Scroll To Top
Health

Groups push for
recognition of LGBT aging issues

Groups push for
recognition of LGBT aging issues

Though often unrecognized as a crucial issue in the struggle for LGBT rights and equality, the rapidly increasing number of LGBT people aged 65 and over has put a strain on the ability of service agencies to provide for them. According to the National Gay and Lesbian Task Force, there are as many as 3 million LGBT senior citizens across the country, and that number is expected to climb as high as 4 million by 2030. Many of these people are without children, single, and often financially unstable due to lack of access to a partner's Social Secutiy or pension benefits.

"This generation includes the LGBT people who came of age with the profound social changes of the 1960s and 1970s," the San Francisco Chronicle reported Gerard Koskovich of the American Society on Aging as saying. "They took part in the gay liberation movement when they were young and they are moving toward old age with expectations that are quite distinct from those of the previous generation of LGBT people who grew up in an era when discretion was the key to survival."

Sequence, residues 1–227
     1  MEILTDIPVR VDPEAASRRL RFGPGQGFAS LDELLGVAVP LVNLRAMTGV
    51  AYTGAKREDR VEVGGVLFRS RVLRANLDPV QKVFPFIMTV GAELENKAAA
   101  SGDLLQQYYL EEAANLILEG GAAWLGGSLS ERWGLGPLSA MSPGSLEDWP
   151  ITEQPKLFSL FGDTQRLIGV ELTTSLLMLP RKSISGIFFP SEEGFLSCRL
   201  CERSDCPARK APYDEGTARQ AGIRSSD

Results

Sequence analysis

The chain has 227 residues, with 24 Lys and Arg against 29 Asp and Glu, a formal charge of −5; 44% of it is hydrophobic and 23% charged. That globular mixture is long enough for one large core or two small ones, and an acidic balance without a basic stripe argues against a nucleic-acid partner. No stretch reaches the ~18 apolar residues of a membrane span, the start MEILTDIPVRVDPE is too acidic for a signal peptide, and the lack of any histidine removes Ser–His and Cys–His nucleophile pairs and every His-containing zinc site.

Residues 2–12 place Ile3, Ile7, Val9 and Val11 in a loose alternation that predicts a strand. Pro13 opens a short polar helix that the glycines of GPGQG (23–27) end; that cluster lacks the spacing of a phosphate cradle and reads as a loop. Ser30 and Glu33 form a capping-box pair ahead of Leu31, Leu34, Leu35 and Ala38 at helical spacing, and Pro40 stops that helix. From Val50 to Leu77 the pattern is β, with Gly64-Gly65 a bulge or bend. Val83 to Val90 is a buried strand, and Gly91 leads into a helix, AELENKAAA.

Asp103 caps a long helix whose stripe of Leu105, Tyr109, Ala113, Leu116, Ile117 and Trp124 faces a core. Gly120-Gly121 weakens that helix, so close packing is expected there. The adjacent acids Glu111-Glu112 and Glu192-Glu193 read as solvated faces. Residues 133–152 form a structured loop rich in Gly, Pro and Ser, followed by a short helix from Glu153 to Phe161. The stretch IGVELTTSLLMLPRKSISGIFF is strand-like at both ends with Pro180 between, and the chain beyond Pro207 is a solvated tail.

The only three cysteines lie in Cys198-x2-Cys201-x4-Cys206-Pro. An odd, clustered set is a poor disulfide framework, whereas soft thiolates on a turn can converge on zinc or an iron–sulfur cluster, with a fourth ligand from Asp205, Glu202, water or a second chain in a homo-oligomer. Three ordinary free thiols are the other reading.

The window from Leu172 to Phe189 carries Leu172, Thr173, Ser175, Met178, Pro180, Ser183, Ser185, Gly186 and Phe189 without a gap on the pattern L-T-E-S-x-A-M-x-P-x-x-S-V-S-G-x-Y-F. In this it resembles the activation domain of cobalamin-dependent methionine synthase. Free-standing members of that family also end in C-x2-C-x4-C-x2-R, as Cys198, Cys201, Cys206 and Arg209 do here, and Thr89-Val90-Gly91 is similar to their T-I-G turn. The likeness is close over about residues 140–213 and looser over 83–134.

Although organizations for older queer people are emerging in major urban centers in New York, California, and Florida, LGBT seniors are often at higher risk for isolation, financial difficulties and prejudice from caregivers. Brian de Vries, a professor of gerontology (the study of aging) at San Francisco State University, claims his research indicates that nondisclosure of sexual orientation is widespread and presents another obstacle for LGBT seniors seeking reliable healthcare.

The North Berkeley Senior Center has become the first senior organization in the Bay Area to earn the certification of "LGBT friendly" by Lavender Seniors of the East Bay, an LGBT senior group that hopes to compile a nationwide directory of LGBT-friendly senior centers and nursing homes. "So many of our seniors, especially the older ones, have had negative experiences in health care agencies or in community agencies like senior centers," the Chronicle reported Lavender Seniors director Barbara Faulkner as saying.

San Francisco has taken a step in combating the devastating effects of isolation and alienation facing the elderly LGBT population through funding a social support organization that promotes intergenerational dialogue and helps to keep seniors an integral part of the LGBT community.

"I feel like he is one of my professors, in a way" the Chronicle reported 26 year-old Jimmy Ho speaking about his program match Luis Oropeza, 63. "He has a lot to teach me." (The Advocate)

Advocate Magazine - KehlaniAdvocate Magazine - Gus Kenworthy

From our Sponsors

Most Popular

Latest Stories